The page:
Honestly, Nevermind: How Drake Gets Away with Narcissism Over Self-Awareness in an Album

Like the early 2000s, Juicy Couture, Ed Hardy, Paris Hilton, Ashanti, Britney Spears and now house beats are back – as approved by Drake. Through Drake’s eyes, his new album is the Drake we expected from years ago showing the singer hasn’t swayed away from his default setting – emotional and passive aggressive. The proclaimed dance album, Honestly, Nevermind brings the flashes of dramatic lyrics that Drake introduced into hip-hop when he first erupted. This album is a soft recover from 2021’s CLB, and it’s clear that Drake just needed an opportunity to refresh and unburden old assumptions.

The song’s premise, musing on a past lover realizing that he changed her number, is the type of emotional storyline that is classic Drake. “A Keeper,” goes into familiar R&B territory, as Drake questions why he would go back to an ex-lover. A sample of Ghanian musician Obrafour, introduces a hefty house rhythm saying “Your pussy is calling my name.” In this album Drake comes across as a person. He, like everyone else, fails and falters. This humility strikingly absent from CLB, a testimonial from an angry $250 millionaire. 

We know that when Drake latches onto a great idea (no matter how big or small), he creates a feeding frenzy, and somehow the original idea gets watered down, think 2012’s beloved Take Care, Headlines to the soul of “Crew Love.” All succeeds because Drake’s songwriting hits a particular sweet spot when he chooses narcissism over self-awareness. It’s arguably his most defining (toxic) trait. The incredibly specific and memorable Drakeisms are expected from the artists.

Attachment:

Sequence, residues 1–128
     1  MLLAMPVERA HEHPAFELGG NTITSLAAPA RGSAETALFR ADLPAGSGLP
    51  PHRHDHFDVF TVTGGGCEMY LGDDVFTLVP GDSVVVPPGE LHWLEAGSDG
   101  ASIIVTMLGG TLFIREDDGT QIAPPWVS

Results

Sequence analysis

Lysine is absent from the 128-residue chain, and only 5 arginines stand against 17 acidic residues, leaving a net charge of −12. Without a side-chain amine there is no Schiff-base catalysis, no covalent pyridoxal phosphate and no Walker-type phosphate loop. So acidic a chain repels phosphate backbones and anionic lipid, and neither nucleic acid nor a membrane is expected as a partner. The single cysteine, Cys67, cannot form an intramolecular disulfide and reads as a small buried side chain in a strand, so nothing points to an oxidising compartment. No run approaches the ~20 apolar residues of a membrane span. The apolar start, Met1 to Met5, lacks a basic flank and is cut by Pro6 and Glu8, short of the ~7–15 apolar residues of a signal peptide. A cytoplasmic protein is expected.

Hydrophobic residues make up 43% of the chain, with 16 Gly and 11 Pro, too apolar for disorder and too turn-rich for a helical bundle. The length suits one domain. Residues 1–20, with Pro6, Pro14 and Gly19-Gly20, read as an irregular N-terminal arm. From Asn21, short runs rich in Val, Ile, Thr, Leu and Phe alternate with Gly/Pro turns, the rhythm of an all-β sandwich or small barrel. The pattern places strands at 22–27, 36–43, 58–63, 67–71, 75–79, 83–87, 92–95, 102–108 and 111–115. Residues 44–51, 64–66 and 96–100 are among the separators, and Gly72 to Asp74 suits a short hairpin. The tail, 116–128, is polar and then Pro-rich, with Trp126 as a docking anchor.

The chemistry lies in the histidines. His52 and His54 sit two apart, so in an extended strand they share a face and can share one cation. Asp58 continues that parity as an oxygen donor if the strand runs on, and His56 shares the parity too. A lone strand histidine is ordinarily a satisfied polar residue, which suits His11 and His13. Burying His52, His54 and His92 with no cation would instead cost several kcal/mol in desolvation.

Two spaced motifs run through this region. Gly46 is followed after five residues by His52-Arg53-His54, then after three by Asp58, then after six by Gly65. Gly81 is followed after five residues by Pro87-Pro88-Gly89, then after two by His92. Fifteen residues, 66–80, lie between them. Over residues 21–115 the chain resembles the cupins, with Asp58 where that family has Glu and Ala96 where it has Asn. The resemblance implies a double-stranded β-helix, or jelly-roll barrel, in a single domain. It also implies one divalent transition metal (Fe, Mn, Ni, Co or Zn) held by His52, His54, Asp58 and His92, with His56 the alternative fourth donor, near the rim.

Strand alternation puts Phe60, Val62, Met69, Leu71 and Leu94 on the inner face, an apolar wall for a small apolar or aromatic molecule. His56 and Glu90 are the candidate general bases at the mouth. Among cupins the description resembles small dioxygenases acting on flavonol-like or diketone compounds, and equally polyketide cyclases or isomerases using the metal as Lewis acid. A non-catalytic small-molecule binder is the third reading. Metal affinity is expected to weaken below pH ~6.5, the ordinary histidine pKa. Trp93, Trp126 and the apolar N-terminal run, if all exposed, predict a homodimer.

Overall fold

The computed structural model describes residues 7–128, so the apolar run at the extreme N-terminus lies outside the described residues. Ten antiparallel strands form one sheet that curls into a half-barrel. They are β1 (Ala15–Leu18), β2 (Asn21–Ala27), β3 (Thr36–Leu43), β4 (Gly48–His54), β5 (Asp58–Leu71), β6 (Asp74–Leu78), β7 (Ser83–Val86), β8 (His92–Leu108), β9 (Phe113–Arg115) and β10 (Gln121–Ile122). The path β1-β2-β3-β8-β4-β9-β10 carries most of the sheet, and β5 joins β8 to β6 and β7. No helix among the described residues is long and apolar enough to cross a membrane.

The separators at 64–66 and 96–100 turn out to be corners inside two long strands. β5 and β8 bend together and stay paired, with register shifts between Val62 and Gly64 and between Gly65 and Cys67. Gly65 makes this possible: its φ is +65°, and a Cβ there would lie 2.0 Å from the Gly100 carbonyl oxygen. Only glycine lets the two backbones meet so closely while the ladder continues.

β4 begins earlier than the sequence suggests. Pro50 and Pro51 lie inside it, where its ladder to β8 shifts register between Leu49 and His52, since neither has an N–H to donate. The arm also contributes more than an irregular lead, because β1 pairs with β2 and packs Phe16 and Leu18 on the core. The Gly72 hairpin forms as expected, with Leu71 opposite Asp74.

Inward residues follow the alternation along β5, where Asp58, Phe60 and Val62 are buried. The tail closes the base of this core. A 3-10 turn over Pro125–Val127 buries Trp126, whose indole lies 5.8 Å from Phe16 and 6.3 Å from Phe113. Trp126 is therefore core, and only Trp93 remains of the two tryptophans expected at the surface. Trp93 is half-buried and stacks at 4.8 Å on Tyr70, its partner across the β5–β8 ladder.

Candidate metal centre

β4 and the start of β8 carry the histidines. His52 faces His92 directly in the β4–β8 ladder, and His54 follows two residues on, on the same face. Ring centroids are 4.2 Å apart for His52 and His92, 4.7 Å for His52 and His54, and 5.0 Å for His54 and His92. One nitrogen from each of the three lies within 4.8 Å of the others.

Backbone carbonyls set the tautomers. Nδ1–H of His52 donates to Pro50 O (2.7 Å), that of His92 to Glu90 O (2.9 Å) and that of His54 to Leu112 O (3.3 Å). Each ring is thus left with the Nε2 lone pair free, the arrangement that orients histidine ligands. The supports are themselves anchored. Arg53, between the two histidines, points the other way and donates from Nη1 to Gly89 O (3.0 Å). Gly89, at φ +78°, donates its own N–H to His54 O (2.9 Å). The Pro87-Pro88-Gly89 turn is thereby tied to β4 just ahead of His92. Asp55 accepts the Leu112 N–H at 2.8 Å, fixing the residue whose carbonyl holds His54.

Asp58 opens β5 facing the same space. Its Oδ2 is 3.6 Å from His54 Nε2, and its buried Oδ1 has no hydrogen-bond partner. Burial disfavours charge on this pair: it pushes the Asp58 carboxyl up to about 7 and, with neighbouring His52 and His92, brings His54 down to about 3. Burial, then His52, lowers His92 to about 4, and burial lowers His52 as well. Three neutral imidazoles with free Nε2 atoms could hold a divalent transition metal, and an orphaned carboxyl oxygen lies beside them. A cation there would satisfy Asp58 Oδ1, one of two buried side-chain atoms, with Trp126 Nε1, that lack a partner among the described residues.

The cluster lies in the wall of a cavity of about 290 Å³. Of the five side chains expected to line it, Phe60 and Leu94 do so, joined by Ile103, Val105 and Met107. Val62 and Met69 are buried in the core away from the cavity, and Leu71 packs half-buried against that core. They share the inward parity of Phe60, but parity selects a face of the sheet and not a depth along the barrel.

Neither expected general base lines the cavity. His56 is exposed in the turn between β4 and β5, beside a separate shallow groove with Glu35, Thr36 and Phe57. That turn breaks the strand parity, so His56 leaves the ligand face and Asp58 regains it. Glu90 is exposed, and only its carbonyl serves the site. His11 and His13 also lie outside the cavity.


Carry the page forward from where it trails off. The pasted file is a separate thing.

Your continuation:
Drakeism defined as: a way in which a message is delivered, with just the perfect amount of comparisons, with the belief that it is profound—making them unintentionally funny, too. It’s the comebacks your ex-boyfriend says when he can’t understand why you’re upset.

Honestly, Nevermind’s most memorable line: “I found a new muse. That’s bad news for you. Why would I keep you around?” is sung in a weepy note and it is hilarious. Drake so clearly obsessed with love and showing love that listeners realize his diluted idea of love. He has a level of self-obsession and delusion as he casts his love interests as property. 

On “Sticky” Drake admits his version of why he’s never been to the Met Gala and on “Calling My Name,” Drake talks about lost love with details that amount to, “You’re my water, my refresher/Take off your clothes, relieve pressure.” It’s old Drake, meeting new Drake with house beats music taking in the sad and lonely, who find themselves at a house party trying to take their mind off of their own past lover.

The album is what you listen to at the after hours, when you stop answering texts because you’ve found someone for the night and need to take your mind off of who you’re really thinking about. The dance music provides a soother and smolder melody and the genre is brought back to life after being dismissed since pre-pandemic times. 

 

Featured photo: Sidedoor Magazine

Her work has been published in Refinery29, Elite Daily, the Copenhagen Post, and more. She studies public relations and corporate relations at NYU. She loves reading, cheese plates, reality TV, and event planning. She lives in Williamsburg, but Miami is her second home. Follow her on Instagram @alyssa_s_ashley

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